The government’s sweeping Budget Implementation Act will change 70 laws, but opposition MPs plan to fight it.
The government’s priorities will be to pass the Budget Implementation Bill, the Immigration and Refugee Reform Bill, the Pooled Registered Pension Plans Bill, the Canada-Jordan Free Trade Agreement, and the Canada-Panama Free Trade Agreement.
But opposition MPs say feds listened to business, not creative interests, and that if Senate doesn’t amend the bill, it could be open to court challenges.
The NDP flew solo last week in an effort to force the feds to split up the bill. NDP House Leader Nathan Cullen says his party has no obligation to consult other parties.
But Environment Minister Peter Kent says the government is moving beyond Kyoto Protocol.
Green Leader Elizabeth May argues the NEB has always had the capacity to overrule findings by any of the review panels it establishes for projects such as the Northern Gateway, but the Budget Implementation Bill will assure investors that regardless of what happens, the Harper government will have the power to override any decision.
But government says ‘responsible resource development is a cornerstone’ of the budget.
The government will move on the budget implementation bill and on trade and copyright bills.
And how the next chapter is written could be crucial to determining its long-term fate, says Tory pundit Tim Powers.
The government’s budget motion, which lays out how it will spend $255-billion this year, gets a filibuster in the Commons.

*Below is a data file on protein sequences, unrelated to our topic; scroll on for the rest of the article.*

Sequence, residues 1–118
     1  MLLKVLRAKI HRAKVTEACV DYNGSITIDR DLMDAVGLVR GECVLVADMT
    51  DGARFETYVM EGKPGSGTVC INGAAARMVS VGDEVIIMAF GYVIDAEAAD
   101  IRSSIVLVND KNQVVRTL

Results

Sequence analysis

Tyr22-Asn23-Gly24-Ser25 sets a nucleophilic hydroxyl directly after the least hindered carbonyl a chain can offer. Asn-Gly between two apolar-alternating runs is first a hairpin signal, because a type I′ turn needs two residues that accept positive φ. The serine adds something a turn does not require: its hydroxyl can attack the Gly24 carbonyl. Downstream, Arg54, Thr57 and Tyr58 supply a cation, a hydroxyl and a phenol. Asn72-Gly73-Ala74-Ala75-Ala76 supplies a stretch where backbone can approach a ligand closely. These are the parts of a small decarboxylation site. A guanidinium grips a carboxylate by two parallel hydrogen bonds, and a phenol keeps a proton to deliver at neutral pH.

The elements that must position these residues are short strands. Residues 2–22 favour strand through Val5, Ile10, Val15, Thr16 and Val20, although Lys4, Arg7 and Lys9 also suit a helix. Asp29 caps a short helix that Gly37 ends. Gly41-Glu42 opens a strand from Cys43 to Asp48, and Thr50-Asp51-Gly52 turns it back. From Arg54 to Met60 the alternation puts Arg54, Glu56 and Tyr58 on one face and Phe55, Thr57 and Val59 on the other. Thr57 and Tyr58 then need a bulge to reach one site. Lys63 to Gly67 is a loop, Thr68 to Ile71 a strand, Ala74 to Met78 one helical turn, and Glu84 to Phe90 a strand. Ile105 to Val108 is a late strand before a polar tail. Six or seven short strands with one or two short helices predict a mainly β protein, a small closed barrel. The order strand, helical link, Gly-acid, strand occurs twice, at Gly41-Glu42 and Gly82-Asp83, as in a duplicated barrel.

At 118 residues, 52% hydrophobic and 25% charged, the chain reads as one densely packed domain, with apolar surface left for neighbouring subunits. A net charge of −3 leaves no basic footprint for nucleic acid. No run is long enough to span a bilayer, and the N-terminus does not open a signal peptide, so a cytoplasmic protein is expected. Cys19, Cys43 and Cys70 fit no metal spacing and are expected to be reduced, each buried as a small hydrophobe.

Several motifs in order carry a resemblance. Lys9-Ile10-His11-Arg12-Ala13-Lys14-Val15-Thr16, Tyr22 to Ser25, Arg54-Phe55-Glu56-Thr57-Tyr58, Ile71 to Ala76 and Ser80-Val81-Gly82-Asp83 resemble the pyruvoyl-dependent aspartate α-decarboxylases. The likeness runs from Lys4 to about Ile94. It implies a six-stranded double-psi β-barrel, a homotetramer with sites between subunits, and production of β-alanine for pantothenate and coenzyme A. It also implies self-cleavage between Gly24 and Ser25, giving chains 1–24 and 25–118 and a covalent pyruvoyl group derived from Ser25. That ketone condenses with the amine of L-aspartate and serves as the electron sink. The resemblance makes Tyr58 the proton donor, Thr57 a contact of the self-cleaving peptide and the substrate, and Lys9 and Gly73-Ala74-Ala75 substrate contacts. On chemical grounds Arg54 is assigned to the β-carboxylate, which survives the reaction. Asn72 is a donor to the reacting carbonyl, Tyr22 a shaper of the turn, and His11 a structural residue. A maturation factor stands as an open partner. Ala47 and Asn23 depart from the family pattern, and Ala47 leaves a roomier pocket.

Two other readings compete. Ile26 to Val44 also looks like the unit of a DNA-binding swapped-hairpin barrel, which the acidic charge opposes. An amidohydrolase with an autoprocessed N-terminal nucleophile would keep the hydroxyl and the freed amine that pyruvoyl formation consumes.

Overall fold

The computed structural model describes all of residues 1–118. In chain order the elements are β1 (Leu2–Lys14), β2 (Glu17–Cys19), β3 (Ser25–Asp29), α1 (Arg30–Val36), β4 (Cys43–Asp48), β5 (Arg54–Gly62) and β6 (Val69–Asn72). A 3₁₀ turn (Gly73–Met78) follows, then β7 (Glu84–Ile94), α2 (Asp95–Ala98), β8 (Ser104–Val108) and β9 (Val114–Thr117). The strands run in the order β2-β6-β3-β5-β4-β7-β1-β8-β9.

U.S. Ambassador Bruce Heyman, right, and his wife, Vicki, were all smiles at hosting their first Fourth of July bash in Ottawa. Some 3,000 guest attended. The mood was good and there was a lot of dancing, eating, and chatting.
Vicki and Bruce Heyman. The dress code was summer whites. The atmosphere was light and lovely.
Bluesky's Susan Smith, Ottawa University's Robert Asselin, and Bluesky's Tim Barber.
House of Commons protocol's Elizabeth Rody and Jane Kennedy.
Canadian Chamber of Commerce President Perrin Beatty, wearing a nice summer hat.
The National Arts Centre's Peter Herndorff and Rosemary Thompson.
Sisters, Maggie Creskey, left, and Hill Times publisher Anne Marie Creskey.
The guests on the front lawn of the U.S. ambassador's official residence in Ottawa's swishy Rockcliffe neighbourhood, high up above the Ottawa River.
Shaw's Alayne Crawford and Gary Clement, senior manager of GR at TD Bank (Toronto).
CCCE's Ailish Campbell, Ekos' Frank Graves, Amgen's Kim Furlong, and H&K's Jackie King.
Environics' Greg MacEachern, CPAC's Natalie LeMay-Calcutt, and Shaw's Jim Patrick.
CommuniquéDirect's Nick Masciantonio and MDA's Leslie Swartman.
Postmedia News columnist Andrew Coyne and Global TV News reporter Laura Stone.
Former Liberal MP Martha Hall Findlay, right, and a friend.